Joseph nodded, but kept his eyes down. “We get along OK.”

The girl snickered and tucked a strand of hair behind her ear. “Why do you call each other ‘Elder’?”

“It’s an address of respect.”

“Should I call you ‘Elder’?” She stubbed out her cigarette.

“You can call me whatever you want. Speaking of which, I never got your name.”

“Margo.”

“Nice to meet you, Margo. So what’s it going to take to get you into the Church?”

“I have reservations,” she said, a smile playing across her lips. “I’m not a stranger to sin. Impure thoughts and all that.”

Joseph suddenly realized that his lungs felt swollen, and he wondered if he’d injured himself seriously when he fell into the quarry.

“Well, we all have those,” Case said. “Nothing to be ashamed of. I don’t think God splits hairs over salvation.”

Joseph could see Case’s erection press against his pants, and he felt himself stiffen. He pulled at the legs of his slacks and hoped no one would notice.

“That’s good to know,” she said, then paused a moment. “Do you want to come to the bedroom with me?”

Case smiled and stubbed out his cigarette. He stood up quickly. “Yeah, let’s go.” Then he looked down at Joseph. “You can find something to do, can’t you, Joe?”

“My side’s really starting to hurt again,” Joseph said, but Case’s attention was focused on the front of Margo’s dress, on the dark velvet pulled snug around her small breasts.

“I have some Advil and other stuff in the cabinet above the stove,” Margo said. “You’re welcome to it. We won’t be long.” She rested her hand briefly on Joseph’s head and walked slowly toward the kitchen, looking back at Case as she entered the short hallway that led to the bedroom.

Case squatted beside Joseph, who leaned forward and crossed his arms over his lap, afraid Case would notice his erection. “I owe you one for this, Joe,” Case said. “Anything you want. I swear.”

Joseph watched as Case followed Margo into the bedroom in back. He heard the squeak of the door. For a few moments, he remained seated, listening to the faint hum that seemed to come from the walls. He rose to his feet and tiptoed to the kitchen and stood in the center of it for a moment, not knowing what to do next. The silence was choking. Then he turned and headed down the hallway toward the sliver of light seeping from a crack in the bedroom door.

He pressed his eye to the crack and saw Case sitting at the edge of the bed, Margo standing in front of him. Case had stripped to his underwear and was slowly unzipping the back of Margo’s dress. It slid off her body and crumpled onto the floor. Case reached for the clasp of her bra, and she pulled the straps from her shoulders. Case bit his lower lip as he hooked his fingers under the elastic band of Margo’s panties and pulled.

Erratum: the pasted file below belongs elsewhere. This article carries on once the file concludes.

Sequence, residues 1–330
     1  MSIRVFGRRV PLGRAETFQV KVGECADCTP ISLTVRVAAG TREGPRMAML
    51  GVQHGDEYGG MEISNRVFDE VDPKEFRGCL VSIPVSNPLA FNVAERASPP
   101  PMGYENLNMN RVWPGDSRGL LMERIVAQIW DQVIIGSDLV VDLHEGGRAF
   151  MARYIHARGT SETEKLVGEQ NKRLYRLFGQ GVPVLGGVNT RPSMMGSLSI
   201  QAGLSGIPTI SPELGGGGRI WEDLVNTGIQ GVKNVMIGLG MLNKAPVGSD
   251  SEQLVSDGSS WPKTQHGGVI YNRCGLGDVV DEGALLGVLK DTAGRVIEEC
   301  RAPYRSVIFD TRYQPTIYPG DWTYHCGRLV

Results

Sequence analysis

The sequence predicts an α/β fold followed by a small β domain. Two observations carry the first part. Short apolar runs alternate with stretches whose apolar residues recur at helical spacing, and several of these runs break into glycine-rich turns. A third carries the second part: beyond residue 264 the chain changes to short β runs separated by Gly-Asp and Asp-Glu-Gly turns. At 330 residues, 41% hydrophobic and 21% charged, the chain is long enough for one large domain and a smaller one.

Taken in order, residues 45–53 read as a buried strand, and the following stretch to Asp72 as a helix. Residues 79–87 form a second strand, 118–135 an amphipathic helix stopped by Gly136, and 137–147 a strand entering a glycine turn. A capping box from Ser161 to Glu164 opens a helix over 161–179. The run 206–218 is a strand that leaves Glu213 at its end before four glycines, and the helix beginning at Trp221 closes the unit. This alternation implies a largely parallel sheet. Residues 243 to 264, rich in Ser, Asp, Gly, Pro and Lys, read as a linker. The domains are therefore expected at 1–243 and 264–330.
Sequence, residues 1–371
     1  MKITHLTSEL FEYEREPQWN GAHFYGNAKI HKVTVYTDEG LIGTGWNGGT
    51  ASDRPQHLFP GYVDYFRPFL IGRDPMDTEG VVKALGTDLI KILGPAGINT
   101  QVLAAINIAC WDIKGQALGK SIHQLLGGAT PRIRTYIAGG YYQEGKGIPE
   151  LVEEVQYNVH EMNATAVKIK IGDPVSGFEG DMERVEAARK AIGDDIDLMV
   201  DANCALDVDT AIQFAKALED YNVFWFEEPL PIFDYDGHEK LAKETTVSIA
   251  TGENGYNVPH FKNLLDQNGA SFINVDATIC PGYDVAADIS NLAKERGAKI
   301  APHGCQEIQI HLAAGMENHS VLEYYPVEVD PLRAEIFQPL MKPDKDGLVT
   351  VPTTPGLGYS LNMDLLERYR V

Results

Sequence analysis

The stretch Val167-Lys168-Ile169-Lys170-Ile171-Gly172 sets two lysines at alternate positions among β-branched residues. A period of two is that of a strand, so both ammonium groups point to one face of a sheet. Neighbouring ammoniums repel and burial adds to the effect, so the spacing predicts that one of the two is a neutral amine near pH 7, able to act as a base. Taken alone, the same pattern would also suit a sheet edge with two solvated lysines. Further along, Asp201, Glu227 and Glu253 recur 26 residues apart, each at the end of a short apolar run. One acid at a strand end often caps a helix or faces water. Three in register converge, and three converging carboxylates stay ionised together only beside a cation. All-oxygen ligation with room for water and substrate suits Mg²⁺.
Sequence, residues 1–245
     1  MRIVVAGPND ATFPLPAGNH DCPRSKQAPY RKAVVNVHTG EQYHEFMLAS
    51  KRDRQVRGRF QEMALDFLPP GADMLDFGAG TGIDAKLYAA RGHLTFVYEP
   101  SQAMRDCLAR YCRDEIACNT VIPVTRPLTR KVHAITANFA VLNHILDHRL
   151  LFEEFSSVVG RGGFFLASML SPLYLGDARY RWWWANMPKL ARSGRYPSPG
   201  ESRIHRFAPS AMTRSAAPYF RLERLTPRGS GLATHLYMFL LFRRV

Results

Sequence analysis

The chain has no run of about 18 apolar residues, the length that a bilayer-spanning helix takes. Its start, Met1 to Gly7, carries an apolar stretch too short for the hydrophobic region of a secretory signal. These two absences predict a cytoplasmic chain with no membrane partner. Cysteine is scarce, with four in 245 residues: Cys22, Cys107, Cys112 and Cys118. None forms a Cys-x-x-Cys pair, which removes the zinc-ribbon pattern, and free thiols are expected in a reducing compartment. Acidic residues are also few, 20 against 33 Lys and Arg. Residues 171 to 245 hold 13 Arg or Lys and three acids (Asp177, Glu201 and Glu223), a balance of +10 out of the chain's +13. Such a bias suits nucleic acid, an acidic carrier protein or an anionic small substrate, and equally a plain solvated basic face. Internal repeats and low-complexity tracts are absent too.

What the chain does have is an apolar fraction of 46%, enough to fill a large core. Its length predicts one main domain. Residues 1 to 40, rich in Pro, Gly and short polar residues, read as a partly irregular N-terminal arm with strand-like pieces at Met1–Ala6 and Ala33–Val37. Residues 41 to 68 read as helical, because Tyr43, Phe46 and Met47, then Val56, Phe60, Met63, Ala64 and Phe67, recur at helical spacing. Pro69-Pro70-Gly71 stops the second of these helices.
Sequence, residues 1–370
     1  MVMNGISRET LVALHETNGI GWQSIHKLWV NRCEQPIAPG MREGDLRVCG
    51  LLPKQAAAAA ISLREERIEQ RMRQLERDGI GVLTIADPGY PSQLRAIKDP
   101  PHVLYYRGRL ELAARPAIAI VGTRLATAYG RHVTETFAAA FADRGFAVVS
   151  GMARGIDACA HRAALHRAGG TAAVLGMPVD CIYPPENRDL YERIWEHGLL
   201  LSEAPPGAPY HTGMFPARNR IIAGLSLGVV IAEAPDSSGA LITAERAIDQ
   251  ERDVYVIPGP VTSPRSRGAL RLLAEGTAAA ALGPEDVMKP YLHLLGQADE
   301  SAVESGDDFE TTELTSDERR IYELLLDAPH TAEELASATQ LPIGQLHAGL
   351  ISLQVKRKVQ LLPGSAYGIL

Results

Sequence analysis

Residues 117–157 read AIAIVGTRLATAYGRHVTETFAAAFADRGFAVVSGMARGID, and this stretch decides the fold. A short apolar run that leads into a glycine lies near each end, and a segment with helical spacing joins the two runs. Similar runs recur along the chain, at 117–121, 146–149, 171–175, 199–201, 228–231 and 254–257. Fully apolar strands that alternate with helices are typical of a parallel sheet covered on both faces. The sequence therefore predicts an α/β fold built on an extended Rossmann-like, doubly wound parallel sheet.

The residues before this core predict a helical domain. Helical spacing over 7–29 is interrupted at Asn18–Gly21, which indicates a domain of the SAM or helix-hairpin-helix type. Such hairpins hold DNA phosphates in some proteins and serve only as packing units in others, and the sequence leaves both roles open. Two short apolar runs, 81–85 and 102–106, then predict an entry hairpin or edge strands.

Joseph stood watching Case’s hands move up and down the girl’s belly and between her breasts. He thought about all the doors he and Case had passed through over the past few months, and of what Case had told him about the kind of force he needed to be in the world. Joseph reached for the doorknob, but his hand paused above it. He knew if he went any further he would set something off, some part of himself he didn’t wish to recognize. Case pressed his lips against the white of Margo’s stomach, and Joseph heard a sigh escape her lips. She tangled her fingers into Case’s hair.

Joseph forced himself to turn away. He pressed a hand against his bruise as if he were trying to contain it, the throb of the thing. His loneliness at that instant made him gasp. The weight of everything was immense. He pictured his mother and father, growing accustomed to his absence. Somehow everything they’d given him wasn’t enough for this mission.

His back to the door, he decided then that he was going to be different. He was going to be what Case wanted—a force to be reckoned with. With his faith, he would be unstoppable, blessed, a god on this earth, and the world would bend to him. He would take all the Claudes and Idas and Margos and shelter them from lions. Cleanse them of their sins and fears. Then Case would have no choice but to recognize his greatness.

Walking to the end of the hallway by the kitchen, he seated himself against the wall. He sat there quietly, waiting for Case to emerge.

Bradford Tice's poetry and short stories have appeared or are forthcoming in The North American Review, Alaska Quarterly Review, Mississippi Review, Crab Orchard Review, and the anthology This New Breed: Gents, Bad Boys, and Barbarians 2 (2004).